Matthew 15.23 Jesus did not say a word to her. His disciples
came to him and begged him, "Send her away! She is following us and making
all this noise!"
If asked what the overriding theme of the Old
Testament was, I would answer "covenant".
The books speak of a bond between God and a nation, a bond that is seen
to exist no matter what the ups and downs of life; through exile,
invasion, kings good and bad, times of famine or plenty, the Old Testament
thunders out its message: "I am the Lord, the God of Abraham, Isaac and
This theme sets the Hebrew people apart as a race, establishing, at
least to their satisfaction, that they are a special people chosen by God.
A Jew remains a Jew, before citizenship, or cultural or national identity.
The "chosen of God" idea is also the root of much of the persecution
the Jews have suffered throughout the ages, culminating in the holocaust
of the Second World War. Their distinctive identity has moulded them into
a successful and formidable race. Many of the business names common to
Europe stem from Jewish roots - and there is nothing like success to breed
resentment and jealousy.
Ironically, it is the conviction that they are indeed a "chosen people"
that has been both the cause of their persecution but also their means of
coping with it. People with a strong sense of God in their lives, whether
personally or corporately, tend to cope with suffering better than most,
safe in the knowledge that God walks with them. With the Jews it was
covenant, with the early Christians it was the resurrected Christ who gave
hope and comfort.
It is quite likely that when Jesus began his ministry he understood
himself as primarily leading the lost people of Israel back to their
roots, back to their covenant status with God.
Indeed, that lies behind today�s gospel reading; the Canaanite woman
asks for Jesus� help, but Jesus ignores her because she is not a Jew. The
woman begs for his help, recognising that even though Jesus may be mainly
concerned for his own race, surely she can glean the scraps of his powers.
Jesus relents, and the woman�s daughter is healed.
One of the questions the woman�s action raises, is how far are we open
to the ideas, wisdom and philosophy - perhaps even healing potential � of
other religions and philosophies?
The Canaanite woman recognised something within Jesus that was, one can
assume, outside the scope of her own culture. Yet she pursued her
instincts, confronted Jesus and found satisfaction.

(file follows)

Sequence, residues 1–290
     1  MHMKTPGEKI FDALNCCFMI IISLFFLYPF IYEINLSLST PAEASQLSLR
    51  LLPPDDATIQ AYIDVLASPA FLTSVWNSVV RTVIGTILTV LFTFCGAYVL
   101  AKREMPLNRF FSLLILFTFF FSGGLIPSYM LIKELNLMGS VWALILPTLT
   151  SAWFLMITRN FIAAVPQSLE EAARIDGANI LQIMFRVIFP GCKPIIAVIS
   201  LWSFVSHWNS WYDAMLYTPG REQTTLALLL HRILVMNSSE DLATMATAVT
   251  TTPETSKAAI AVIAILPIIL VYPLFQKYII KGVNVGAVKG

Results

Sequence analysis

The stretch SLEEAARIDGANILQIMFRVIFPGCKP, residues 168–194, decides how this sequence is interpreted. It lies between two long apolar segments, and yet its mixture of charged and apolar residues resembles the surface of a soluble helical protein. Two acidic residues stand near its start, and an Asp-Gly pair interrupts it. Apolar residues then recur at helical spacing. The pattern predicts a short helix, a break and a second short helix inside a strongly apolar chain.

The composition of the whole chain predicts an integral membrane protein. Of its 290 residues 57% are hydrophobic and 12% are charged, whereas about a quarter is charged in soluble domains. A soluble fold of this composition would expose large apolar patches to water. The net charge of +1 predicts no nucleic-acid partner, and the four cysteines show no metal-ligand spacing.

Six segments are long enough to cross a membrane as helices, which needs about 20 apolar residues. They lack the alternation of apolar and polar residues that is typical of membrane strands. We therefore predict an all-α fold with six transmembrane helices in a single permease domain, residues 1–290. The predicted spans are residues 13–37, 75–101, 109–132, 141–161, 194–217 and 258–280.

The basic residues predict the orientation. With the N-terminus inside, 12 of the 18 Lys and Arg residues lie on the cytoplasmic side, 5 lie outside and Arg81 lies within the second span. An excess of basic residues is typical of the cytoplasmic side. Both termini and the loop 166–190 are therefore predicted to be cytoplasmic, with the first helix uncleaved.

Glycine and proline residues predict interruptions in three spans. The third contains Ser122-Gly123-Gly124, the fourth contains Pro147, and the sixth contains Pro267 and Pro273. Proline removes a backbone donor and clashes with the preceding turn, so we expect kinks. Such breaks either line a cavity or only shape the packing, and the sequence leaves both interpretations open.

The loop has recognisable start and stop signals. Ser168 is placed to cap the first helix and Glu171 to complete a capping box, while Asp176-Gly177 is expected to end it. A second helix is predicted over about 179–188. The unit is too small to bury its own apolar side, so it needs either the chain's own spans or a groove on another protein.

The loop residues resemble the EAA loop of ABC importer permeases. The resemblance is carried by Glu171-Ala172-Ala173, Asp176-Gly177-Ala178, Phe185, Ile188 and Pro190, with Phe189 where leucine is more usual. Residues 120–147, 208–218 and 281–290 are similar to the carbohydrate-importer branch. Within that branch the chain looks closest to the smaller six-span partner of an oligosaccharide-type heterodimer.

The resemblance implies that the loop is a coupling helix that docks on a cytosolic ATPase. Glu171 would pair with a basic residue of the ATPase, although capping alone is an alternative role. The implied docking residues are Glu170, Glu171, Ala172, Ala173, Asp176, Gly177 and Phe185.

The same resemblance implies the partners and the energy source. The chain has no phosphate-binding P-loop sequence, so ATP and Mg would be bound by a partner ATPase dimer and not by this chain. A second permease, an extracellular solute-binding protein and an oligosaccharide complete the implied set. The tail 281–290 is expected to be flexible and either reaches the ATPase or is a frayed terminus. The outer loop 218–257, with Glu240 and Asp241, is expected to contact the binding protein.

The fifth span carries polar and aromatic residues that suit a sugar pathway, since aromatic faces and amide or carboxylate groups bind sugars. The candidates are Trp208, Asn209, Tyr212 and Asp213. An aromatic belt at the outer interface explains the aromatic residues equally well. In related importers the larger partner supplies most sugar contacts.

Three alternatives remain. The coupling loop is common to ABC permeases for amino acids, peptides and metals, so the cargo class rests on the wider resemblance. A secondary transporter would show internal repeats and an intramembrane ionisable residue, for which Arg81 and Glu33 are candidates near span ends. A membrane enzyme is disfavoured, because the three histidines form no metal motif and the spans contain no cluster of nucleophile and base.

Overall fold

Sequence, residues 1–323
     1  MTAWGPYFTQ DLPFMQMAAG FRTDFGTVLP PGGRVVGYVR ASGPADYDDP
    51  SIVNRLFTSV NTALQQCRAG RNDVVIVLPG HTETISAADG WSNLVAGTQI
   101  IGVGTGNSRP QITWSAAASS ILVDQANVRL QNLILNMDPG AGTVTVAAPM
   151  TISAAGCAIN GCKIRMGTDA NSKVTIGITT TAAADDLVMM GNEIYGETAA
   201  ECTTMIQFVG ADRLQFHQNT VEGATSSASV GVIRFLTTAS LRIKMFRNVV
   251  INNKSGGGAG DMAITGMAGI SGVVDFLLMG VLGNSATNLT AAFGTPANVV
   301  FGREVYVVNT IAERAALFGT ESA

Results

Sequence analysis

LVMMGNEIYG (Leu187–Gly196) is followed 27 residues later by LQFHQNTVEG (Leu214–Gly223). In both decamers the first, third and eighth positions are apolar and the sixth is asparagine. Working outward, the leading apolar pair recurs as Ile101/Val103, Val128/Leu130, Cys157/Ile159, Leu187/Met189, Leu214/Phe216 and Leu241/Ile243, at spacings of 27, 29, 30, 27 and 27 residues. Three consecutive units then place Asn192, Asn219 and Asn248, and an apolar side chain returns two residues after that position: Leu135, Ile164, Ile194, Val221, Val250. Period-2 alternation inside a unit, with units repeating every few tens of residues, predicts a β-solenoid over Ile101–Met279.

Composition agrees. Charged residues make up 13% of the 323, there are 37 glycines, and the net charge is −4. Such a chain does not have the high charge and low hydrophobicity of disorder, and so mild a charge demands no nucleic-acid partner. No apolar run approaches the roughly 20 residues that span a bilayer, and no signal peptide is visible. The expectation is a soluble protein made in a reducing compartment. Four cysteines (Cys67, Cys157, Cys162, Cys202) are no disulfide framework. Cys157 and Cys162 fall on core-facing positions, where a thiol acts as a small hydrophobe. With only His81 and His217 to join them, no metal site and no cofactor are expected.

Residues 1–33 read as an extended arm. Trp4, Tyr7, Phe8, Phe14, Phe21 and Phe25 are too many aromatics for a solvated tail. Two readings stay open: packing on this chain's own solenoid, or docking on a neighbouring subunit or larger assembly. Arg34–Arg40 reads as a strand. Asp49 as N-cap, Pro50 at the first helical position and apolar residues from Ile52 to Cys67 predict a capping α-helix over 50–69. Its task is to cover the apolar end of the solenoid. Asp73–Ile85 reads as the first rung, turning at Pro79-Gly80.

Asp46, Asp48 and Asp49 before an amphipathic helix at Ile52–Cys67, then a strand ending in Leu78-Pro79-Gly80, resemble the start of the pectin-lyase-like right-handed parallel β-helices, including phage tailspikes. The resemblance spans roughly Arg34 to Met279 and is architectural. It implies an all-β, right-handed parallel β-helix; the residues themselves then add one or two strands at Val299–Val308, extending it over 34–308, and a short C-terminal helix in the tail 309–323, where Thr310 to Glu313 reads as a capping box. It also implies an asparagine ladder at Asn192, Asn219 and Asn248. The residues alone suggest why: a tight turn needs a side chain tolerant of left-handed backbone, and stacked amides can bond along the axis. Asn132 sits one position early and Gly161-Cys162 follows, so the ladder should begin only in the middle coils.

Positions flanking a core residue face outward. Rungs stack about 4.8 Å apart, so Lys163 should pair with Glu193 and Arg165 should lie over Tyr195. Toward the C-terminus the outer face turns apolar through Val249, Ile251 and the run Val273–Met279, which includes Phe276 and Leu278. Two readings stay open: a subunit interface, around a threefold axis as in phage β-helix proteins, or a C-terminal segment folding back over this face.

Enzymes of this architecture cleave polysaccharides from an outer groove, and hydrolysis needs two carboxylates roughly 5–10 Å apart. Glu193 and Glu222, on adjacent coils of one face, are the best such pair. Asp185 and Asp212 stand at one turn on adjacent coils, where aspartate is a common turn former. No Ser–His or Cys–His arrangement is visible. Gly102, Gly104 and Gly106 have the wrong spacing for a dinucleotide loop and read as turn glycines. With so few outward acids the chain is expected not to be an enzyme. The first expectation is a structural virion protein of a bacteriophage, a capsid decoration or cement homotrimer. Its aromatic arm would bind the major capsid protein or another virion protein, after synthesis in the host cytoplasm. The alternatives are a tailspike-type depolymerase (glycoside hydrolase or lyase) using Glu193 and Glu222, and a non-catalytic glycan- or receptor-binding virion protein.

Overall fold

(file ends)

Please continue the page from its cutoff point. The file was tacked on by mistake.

In our own world, many of us are suspicious of other viewpoints to the
extent that it stifles us. We might find something helpful in other
religions or philosophies, but we fear making the enquiry. The woman
crossed cultural and philosophic boundaries because she gleaned something
of salvation on the other side. She risked ridicule and rejection in
pursuit of her enquiry. And it paid off.
It was an act of some bravery when the recent Anglican Bishop of Jarrow
in England announced some years ago that he was going to read and study
the Koran as part of his discipline for Lent. By-and-large, the letters to
the press were hostile. He was said to be making enquiries where he
shouldn�t be. Yet the Bishop knew well enough that truth is something that
is lived, not just something read about.
Enquiry doesn�t make one a devotee of any religion. Living it does.
There is enormous ignorance in the world of faith when it comes to what
others believe. Part of that ignorance is purposeful, for the idea that
another faith, or even denomination, may contain wisdom or truth is a
threat to many. They would rather not know, and thus rest safely in their
unknowing. Many resort to flippancy and ridicule, as if adapting such a
tone somehow reduces the intelligence of the person on the receiving end.
I have recently read (on the Internet) comments about Bishop John
Spong, a radical theologian. The remarks were on an evangelical site, and
I would have to say that the rhetoric was not only unfounded, but
positively hostile. One could sense the hatred filtering through the words
of the review.
I so often find that those who insist that their particular viewpoint
is �biblical� and the sole path of truth are often the first to use
�unchristian� language and invective. There is such fear in the religious
world, fear that cherished and lived-by beliefs may not be based on
�eternal truths�, fear that life may be meaningless, other than what we
make of it, after all. The ultimate human predicament is the fear of death
and the consequence of ceasing to be.
It has been said many times on this site that it is best to view Jesus
as our prototype or pioneer; not someone to copy, but to build on. The
same should be said of the Bible. Few in their right mind would attempt to
�copy� life in the Old or New Testament. Our lives would be in turmoil!
But to seek wisdom, ideas, and to reflect upon it, is another matter.
Surely the Bible should be viewed as a book of faith, a book to learn
from, a book in which to discover, dare I say, just how wrong people�s
theology can be � as well as how right! It is its sheer breadth of ideas
about God, his activity (or otherwise) in the lives of people, which makes
it such compelling reading.
And the story of Jesus and the Canaanite woman?
Surely Jesus acted in an �unchristian� manner in choosing to ignore
her. The woman, in her wisdom, said something that set Jesus
thinking and thus changing his mind. She "put him right", to everyone�s
That was rather lovely. People crossed boundaries and learnt from each
other. He, the Sinless, and the Messiah, learnt a lesson from she, the
pagan, the unclean. Not only did he learn, he put it into action - he
healed her daughter. That was putting practice before ideology.
That was true religion. Food for thought for us all.